Bennett University: Reflections on the working of the Indian Constitution


There is a need to reflect upon the working of the Indian Constitution during the last seven decades, writes Prof (Dr) Pradeep Kulshreshtha, dean, School of Law, Bennett University
The Constitution of India was enacted and adopted on November 26, 1949, and this is celebrated each year, as Constitution Day or Samvidhan Divas. The Preambular declarations of Justice, Liberty, Equality, Fraternity, Dignity of the individual, and Unity and Integrity of the nation, well summarised the underlying philosophy of the Constitution. It commences with the famous words ‘We the People…’. The Constitution of the United States of America also has the same opening lines, signifying the close bond between the Constitutional values between the oldest and the largest democracies of the world.
As we celebrate the forthcoming Constitution Day during the Azadi Ka Amrit Mahotsav, there is a need to reflect upon the working of the Indian Constitution during the last seven decades. Father of the Indian Constitution, Dr BR Ambedkar, while delivering his last address to the Constituent Assembly on November 25, 1949, said, “however good a Constitution may be, it is sure to turn out bad because those who are called to work it, happen to be a bad lot. However bad a Constitution may be, it may turn out to be good if those who are called to work it, happen to be a good lot…”. One of its remarkable achievements of India is that it is the Fifth largest economy and as the global recognition of its rising stature, India has assumed the presidency of G20 to secure global economic growth and prosperity. This conglomerate of G20 nations represents more than 80% of the world’s GDP, making it a powerful comity.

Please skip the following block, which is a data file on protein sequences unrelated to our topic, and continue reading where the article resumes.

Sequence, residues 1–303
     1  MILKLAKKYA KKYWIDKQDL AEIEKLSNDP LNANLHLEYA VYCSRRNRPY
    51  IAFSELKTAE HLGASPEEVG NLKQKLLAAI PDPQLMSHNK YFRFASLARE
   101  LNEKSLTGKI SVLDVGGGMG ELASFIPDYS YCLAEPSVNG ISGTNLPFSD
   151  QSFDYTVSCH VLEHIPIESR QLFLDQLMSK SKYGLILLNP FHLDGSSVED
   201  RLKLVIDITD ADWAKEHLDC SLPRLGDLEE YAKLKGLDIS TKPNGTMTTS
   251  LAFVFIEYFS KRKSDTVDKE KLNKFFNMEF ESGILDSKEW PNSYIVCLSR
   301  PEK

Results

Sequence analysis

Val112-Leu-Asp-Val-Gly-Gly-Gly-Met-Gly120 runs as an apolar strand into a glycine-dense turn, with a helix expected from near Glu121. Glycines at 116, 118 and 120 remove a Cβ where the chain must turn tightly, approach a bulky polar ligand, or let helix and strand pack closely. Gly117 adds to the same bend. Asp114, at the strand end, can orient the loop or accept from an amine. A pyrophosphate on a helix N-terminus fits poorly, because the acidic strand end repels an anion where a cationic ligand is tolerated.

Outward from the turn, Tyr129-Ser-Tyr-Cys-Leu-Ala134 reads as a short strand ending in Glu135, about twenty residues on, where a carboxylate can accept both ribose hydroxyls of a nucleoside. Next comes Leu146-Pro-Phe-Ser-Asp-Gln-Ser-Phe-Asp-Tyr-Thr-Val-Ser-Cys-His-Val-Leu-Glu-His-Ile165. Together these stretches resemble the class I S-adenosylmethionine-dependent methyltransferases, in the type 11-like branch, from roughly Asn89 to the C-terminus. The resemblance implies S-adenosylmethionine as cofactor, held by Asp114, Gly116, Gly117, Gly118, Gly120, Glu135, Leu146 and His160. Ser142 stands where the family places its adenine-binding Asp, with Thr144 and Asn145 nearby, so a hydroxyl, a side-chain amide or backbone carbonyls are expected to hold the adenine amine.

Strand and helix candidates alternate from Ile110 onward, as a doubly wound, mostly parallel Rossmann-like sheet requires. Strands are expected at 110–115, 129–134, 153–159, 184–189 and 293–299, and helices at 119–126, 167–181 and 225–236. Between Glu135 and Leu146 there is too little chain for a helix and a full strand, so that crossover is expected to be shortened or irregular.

However, despite the economic growth, fulfilment of the fundamental right to speedy justice remains one of the primary concerns. The Supreme Court of India in Kesavanand Bharti vs State of Kerala [1973] held that the Parliament while exercising its amending powers under Article 368 has the plenary amendment powers, however, such amendment shall not violate the basic structure of the Constitution and, the independence of the Judiciary has been held as part of the basic structure of the Constitution. One of the factors responsible for delay in the administration of justice is the large vacancies of judges in the High Courts. Article 124 and Article 217 provide for the procedure of the appointment of Supreme Court and High Court Judges, respectively, therein the President, after consultation with the Chief Justice of India and the other Judges, shall make the appointment. Thereby striking a check and balance between the executive and judiciary. However, ADM Jabalpur vs SS Shukla [1976] judgment signalled a gradual weakening of this check and balance, largely in favour of the executive and to regain this balance, the Apex Court in Supreme Court Advocates on Record Association vs Union of India [1993] by a 7:2 majority held the primacy of the judiciary in matters of appointments of the Supreme Court and High Court judges.
The prevailing collegium system of appointment of Supreme Court and High Court judges has been subjected to scrutiny with concerns regarding a lack of procedural transparency. This also leads to frequent deadlocks between the executive and judiciary, the two main organs of the state and this stalemate calls for an early resolution by the reintroduction of the NJAC Bill, after discussion between all stakeholders as Dr Ambedkar in his address to the Constituent Assembly, prophetically said that ‘If hereafter things go wrong, we will have nobody to blame’.

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